Academic journal article Polish Sociological Review

The (Self-) Exclusion of Women from the Roman Catholic Church in Poland: Discursive Practices as Mechanisms Reproducing Models of Femininity in Church Organizations

Academic journal article Polish Sociological Review

The (Self-) Exclusion of Women from the Roman Catholic Church in Poland: Discursive Practices as Mechanisms Reproducing Models of Femininity in Church Organizations

Article excerpt

Introduction: Methodological and Theoretical Premises

The Roman Catholic Church in Poland, viewed as a social organization and institution, is highly masculinized, meaning that men predominate numerically in positions in key central administrative-evangelical structures: in diocesan chanceries in Poland they occupy 73.8% of all positions, while in the Church's central organization, that is, the Polish Episcopal Conference, they occupy 91.2% of the positions (Leszczynska 2014a, 2016).1 In addition to the statistical horizontal segregation in central Church organizations, there is also vertical segregation. The main positions of power in Church organizations, such as chancellor of the curia or diocesan judge, are also dominated by men, even though formally, according to the Code of Canon Law, they could be occupied by women (see the Code of Canon Law, Cann. 224-231); the lowest positions, on the other hand, are feminized, and woman are excluded from positions of high prestige and power. In diocesan organizations men occupy 95% of all the management positions, and women fulfill no functions of authority in the Polish Episcopal Conference. Moreover, subordinate positions, in secretariats (office employees) are feminized: women occupy 77% of the positions there (Leszczynska 2014a, 2016).

The subordinate place of women in the Church as an organization and institution, and the barriers and restrictions that hinder their activeness, should be seen as the result of complex conditions and interactions. On the one hand, the placement of women is the consequence of official Church norms, legitimized by religious tradition, concerning gender, the laity, the division of labour, relations of power, the symbolic sphere in religion, and the body and emotionality (Casanova 2009; Reali 2006; Stewart-Thomas 2009; Radford Ruether 2008). The source of this placement should be sought in the documents of the hierarchical Church, including in papal encyclicals, homilies, and exhortations, as well as in the theological discourse of the Roman Catholic Church. The documents that set forth the Church's position in regard to femininity and laicism include conciliar texts such as the Decree on the Apostolate of the Laity (Apostolicam actuositem); the texts of succeeding popes, such as John Paul Il's important apostolic letter Mulieris Dignitatem of 1988; writings of a legal nature referring to issues of female priesthood (Sacred Congregation For the Doctrine of the Faith 1976), including those excommunicating women who have been ordained (Congregation for the Doctrine of the Faith. 2002); and texts of a theological nature (for instance, Letter on the Collaboration of Men and Women in the Church and in the World). Femininity-its essence, genealogy, and gender relations-is also an object of interpretation in the Catechism of the Catholic Church (Catechism of the Catholic Church 1994, for instance, sections 369-373 and 2331-2336).2 Although the vision of femininity has changed significantly in Church teachings in the last two centuries, that vision is still interpreted traditionally in the documents of the hierarchical Church: in an essentialist and complementary manner in regard to masculinity. Even though the last pope called attention to various contexts outside the family in which women might be active (for instance, those connected with vocational work), in the writings of John Paul II, Benedict XVI, or Francis, femininity is still associated above all with maternity, marriage, sacrifice, devotion, service, and care.3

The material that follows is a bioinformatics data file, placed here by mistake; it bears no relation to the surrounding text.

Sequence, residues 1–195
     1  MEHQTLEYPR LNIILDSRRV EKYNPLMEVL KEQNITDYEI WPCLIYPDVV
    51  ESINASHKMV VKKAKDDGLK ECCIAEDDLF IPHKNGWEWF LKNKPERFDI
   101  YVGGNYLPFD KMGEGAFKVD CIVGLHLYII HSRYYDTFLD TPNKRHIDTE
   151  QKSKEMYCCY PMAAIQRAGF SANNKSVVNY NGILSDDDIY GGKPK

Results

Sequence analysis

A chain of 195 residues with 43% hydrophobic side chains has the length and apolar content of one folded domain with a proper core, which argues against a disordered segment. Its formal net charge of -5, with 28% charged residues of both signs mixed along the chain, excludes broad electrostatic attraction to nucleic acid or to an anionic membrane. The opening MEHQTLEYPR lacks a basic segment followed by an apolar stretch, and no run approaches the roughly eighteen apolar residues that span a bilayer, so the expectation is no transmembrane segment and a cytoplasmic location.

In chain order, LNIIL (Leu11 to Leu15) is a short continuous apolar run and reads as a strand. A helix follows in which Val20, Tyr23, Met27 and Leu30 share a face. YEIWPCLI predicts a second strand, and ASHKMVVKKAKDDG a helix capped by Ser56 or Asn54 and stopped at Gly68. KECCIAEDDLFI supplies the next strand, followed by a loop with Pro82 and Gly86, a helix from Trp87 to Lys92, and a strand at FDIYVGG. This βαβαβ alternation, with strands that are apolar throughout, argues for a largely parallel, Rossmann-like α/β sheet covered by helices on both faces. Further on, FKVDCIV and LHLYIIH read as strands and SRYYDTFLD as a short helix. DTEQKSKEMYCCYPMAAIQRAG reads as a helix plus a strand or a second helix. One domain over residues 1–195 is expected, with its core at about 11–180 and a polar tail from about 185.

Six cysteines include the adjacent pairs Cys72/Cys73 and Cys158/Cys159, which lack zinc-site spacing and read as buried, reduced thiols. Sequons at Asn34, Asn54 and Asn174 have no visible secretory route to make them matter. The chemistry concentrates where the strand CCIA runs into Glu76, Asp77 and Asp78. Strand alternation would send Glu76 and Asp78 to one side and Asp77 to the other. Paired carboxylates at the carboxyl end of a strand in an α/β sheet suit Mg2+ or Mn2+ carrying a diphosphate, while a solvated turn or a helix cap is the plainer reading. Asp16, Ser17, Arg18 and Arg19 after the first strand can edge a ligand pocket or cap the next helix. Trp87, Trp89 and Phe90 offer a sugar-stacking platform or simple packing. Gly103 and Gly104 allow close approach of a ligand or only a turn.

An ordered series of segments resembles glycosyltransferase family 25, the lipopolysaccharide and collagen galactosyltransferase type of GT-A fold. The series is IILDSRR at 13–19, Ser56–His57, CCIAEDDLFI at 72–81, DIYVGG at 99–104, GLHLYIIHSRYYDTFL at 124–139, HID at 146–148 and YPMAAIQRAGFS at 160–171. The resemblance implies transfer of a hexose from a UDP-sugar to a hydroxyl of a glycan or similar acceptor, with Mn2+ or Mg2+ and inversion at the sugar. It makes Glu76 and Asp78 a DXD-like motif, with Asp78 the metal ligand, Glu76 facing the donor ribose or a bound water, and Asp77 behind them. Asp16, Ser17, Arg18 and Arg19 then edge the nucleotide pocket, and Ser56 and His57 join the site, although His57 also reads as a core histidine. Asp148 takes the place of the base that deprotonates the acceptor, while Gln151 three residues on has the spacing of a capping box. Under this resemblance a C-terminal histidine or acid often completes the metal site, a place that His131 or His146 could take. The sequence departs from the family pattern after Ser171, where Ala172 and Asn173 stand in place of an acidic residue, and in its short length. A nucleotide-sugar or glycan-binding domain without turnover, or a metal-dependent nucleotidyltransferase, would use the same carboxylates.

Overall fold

On the other hand, the place of lay women in the Church is the effect of the expectations, interactions, informal rules, and daily practices not only of men but also of women themselves. In this article, I would like, while emphasizing the latter type of conditioning of women's position in the Church, to answer the question of how lay women themselves reproduce their place in the organizations of the Roman Catholic Church in Poland at the discursive level: that is, how they conceptualize and interpret femininity, normativizing and hierarchizing it, and above all, what models and attributes of femininity they distance, how they exclude and depreciate femininity (or some of its types). …

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